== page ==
Senior care facilities that rely significantly on mobile agency staffing may be two and a half times more likely to spread COVID-19 to residents than those with more stable staffing, a Scottish study has found.
In addition, understaffed facilities appear to be safer from spreading COVID-19 infections than those with significant agency staffing, added researchers from the University of Strathclyde in Glasgow.
In care homes where mobile contracted staffing averaged 10% of the workforce, the risk of infection for residents soared by 250% compared to facilities with “sufficient” staff. The risk at agency-heavy homes was 150% greater than at understaffed facilities.
Researchers acknowledged that the investigation model did not account for potentially lower quality care or reduced compliance with regulations in understaffed settings.
They did emphasize, however, the research could lead to policies to contend with the current of future pandemics.
Study findings “would support policies for limiting the movement of staff working across multiple care homes if their testing compliance is low,” said study co-author Itamar Megiddo of Strathclyde’s Department of Management Science.
Findings emphasized the value of having staff work in a single facility. The very first COVID-19 U.S. outbreak was attributed to caregivers in the Seattle area who worked at multiple facilities and unknowingly spread the virus.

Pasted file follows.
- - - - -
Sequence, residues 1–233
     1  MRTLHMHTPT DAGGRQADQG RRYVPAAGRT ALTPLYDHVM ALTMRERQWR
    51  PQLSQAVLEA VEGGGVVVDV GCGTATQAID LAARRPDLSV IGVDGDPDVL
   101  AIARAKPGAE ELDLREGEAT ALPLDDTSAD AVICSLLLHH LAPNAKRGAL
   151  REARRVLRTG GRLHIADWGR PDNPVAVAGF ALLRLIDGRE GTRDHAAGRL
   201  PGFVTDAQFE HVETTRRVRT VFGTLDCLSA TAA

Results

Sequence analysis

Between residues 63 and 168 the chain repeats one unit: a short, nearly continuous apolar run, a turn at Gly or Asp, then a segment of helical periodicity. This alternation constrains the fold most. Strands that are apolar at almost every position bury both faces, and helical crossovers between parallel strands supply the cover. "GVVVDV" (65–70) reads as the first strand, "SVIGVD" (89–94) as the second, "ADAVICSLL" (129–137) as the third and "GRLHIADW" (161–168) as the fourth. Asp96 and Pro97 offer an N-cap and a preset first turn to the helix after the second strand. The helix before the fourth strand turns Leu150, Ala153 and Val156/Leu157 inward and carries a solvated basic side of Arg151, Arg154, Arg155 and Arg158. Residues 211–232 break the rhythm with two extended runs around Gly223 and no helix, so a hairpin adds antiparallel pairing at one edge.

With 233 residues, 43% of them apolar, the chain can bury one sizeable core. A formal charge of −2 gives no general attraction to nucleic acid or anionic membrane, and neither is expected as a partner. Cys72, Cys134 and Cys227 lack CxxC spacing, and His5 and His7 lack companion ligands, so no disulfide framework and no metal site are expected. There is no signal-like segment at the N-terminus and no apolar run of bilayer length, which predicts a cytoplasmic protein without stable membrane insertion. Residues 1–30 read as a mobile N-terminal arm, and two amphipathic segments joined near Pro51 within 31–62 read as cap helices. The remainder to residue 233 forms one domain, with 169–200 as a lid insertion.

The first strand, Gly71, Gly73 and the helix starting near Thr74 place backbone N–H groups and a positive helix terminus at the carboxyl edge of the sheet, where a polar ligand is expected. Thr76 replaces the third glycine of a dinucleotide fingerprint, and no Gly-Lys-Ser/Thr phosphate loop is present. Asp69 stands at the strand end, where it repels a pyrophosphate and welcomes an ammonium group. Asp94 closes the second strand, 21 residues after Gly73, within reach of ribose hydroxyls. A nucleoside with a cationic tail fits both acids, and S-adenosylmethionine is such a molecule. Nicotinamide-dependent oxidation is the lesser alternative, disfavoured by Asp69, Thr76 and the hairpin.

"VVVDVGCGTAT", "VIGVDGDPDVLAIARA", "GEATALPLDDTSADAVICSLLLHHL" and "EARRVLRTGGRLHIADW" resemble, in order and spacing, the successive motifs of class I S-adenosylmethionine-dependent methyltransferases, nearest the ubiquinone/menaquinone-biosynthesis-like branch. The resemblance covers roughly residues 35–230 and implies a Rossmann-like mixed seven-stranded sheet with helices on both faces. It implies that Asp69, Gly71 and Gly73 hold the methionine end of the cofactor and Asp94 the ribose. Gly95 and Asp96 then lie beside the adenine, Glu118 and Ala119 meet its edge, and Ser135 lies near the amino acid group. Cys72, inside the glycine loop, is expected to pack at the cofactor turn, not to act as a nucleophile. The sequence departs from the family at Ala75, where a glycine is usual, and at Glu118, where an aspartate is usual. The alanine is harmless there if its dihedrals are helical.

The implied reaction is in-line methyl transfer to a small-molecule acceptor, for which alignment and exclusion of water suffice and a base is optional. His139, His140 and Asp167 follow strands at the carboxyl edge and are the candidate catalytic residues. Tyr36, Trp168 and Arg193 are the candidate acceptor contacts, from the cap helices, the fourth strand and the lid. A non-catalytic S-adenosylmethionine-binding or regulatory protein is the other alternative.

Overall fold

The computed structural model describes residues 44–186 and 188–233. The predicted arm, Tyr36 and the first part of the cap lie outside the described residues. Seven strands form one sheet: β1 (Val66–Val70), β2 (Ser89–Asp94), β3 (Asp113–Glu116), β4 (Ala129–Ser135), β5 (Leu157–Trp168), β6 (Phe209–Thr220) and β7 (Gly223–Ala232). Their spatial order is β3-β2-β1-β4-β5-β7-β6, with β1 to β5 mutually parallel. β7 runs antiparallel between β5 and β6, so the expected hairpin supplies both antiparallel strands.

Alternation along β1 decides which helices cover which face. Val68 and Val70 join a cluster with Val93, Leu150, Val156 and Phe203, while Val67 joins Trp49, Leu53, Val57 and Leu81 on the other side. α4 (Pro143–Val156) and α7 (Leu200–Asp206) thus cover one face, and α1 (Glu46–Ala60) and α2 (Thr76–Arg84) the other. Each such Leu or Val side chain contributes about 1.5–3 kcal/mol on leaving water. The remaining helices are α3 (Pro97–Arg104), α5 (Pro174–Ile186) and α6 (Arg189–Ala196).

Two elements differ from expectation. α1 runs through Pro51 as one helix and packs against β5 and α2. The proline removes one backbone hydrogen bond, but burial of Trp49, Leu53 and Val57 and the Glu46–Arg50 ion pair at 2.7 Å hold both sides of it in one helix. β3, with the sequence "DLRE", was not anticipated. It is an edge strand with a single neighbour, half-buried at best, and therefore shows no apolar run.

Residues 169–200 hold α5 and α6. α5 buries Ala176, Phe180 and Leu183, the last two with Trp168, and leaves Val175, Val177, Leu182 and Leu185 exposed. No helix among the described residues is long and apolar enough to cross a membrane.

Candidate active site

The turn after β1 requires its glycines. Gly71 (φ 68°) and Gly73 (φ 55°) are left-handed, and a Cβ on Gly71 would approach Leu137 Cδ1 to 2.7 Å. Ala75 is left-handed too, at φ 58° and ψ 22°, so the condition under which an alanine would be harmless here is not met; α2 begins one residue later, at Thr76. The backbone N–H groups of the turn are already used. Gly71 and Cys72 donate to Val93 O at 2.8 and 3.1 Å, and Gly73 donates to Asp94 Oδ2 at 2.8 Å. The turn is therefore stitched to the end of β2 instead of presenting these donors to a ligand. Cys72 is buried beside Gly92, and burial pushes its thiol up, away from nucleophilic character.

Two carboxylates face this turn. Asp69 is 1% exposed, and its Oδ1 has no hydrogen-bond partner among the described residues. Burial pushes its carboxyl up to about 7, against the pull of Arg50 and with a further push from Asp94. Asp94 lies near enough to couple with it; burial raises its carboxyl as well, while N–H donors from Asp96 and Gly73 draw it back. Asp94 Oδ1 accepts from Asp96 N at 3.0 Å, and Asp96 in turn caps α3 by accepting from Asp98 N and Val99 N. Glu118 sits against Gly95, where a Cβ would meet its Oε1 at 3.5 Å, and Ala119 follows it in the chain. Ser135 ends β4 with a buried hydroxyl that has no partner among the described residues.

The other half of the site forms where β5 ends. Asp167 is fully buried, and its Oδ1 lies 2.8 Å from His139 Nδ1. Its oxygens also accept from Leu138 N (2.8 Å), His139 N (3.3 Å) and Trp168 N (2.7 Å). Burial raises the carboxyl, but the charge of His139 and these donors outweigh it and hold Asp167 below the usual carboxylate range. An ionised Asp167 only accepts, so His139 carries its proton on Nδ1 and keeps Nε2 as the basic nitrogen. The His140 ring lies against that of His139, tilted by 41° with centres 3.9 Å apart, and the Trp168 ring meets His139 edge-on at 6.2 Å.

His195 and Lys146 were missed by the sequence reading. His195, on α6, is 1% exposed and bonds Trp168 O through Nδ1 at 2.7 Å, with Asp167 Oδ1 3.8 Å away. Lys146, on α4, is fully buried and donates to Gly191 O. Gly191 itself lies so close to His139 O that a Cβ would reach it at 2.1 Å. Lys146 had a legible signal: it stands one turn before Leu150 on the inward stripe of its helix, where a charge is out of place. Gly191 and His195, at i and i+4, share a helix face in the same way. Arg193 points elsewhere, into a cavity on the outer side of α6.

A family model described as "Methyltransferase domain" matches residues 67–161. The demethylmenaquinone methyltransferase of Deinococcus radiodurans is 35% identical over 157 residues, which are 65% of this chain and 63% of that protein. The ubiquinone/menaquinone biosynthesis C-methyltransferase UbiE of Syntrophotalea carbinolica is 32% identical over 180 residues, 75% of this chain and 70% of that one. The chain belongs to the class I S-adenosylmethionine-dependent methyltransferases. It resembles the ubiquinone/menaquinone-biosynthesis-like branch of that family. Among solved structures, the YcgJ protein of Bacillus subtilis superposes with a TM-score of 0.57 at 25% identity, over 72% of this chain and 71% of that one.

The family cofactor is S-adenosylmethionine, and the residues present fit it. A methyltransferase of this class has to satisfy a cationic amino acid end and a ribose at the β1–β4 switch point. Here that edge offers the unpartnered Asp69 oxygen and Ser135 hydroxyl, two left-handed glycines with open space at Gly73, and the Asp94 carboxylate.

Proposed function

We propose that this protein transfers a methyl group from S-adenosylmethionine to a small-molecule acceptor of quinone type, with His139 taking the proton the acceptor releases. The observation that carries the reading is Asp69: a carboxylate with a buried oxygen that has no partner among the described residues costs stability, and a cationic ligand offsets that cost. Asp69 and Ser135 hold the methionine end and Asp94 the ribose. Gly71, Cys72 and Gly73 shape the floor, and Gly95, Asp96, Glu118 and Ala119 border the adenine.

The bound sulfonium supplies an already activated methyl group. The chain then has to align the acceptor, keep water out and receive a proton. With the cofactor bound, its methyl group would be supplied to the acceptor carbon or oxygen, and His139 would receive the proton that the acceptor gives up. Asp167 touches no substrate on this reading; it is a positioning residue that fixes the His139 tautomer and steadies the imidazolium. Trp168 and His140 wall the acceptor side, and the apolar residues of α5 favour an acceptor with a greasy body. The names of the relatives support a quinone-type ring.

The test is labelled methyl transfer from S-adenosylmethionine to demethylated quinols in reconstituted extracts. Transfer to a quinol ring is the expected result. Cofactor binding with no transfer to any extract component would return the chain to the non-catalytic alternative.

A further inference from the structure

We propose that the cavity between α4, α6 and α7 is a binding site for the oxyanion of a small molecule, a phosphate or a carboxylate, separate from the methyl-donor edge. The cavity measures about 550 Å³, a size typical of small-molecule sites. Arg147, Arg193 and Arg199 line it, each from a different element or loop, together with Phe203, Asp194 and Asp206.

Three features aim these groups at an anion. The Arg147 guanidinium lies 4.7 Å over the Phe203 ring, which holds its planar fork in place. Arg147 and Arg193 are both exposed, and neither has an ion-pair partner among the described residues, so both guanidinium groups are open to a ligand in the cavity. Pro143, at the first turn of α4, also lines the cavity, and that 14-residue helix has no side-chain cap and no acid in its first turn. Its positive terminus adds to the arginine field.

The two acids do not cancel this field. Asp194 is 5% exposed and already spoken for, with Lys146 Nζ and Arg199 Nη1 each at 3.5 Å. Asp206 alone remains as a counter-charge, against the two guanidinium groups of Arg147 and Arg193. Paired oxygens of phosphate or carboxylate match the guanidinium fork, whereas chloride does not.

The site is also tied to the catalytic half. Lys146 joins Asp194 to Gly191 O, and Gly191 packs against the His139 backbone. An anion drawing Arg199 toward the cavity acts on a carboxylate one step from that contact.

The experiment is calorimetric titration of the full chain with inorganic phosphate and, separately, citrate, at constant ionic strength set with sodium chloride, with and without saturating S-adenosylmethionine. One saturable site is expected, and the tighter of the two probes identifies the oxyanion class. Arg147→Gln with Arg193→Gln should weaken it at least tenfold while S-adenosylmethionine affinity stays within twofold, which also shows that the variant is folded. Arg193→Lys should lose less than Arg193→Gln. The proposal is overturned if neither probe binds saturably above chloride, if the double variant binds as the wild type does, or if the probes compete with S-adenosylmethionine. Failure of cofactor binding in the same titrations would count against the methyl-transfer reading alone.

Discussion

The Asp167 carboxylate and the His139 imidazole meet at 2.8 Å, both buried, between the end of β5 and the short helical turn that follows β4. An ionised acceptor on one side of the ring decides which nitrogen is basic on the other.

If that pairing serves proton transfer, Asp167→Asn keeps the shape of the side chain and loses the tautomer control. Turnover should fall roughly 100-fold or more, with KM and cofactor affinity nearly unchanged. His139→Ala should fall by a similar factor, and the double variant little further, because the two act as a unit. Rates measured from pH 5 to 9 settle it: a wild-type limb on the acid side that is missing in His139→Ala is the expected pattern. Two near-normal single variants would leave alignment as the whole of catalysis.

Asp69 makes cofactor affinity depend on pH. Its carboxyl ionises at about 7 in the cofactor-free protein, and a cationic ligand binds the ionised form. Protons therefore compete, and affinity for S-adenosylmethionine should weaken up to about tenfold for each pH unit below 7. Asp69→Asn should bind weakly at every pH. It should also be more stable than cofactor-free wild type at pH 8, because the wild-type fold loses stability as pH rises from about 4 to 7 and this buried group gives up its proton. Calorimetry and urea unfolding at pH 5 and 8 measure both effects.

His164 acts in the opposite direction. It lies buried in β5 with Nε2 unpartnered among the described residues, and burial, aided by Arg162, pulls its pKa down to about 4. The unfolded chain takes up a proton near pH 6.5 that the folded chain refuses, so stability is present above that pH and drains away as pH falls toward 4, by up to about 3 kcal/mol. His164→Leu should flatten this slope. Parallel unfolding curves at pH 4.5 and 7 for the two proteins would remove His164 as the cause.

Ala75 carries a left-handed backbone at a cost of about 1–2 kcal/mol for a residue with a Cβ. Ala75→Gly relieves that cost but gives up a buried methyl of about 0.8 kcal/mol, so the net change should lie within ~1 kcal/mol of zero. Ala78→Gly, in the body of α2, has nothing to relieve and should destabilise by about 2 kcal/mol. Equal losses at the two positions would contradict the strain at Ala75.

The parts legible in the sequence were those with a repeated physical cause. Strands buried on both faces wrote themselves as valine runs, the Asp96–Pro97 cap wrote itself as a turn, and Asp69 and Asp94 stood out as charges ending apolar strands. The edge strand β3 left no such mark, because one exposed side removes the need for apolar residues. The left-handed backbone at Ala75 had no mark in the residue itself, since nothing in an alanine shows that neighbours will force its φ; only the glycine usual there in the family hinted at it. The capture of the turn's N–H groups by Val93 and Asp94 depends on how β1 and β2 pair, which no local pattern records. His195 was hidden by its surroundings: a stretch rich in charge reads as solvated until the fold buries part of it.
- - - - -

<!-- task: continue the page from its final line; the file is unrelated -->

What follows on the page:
Although “regular testing with high compliance” helps reduce infection rates, the risk nonetheless remains higher in places that use agency staff, Megiddo said. The challenge is balancing the need to have adequate numbers of workers to maintain quality of care, something their study did not address, he noted.
In addition to putting residents more at risk, traveling staff themselves were found to be more at risk for catching COVID-19 than permanent staff.
Researchers said risk factors could be mitigated by assigning non-permanent staff to consistent pods or bubbles.
The European study’s findings appeared in PLOS Computational Biology.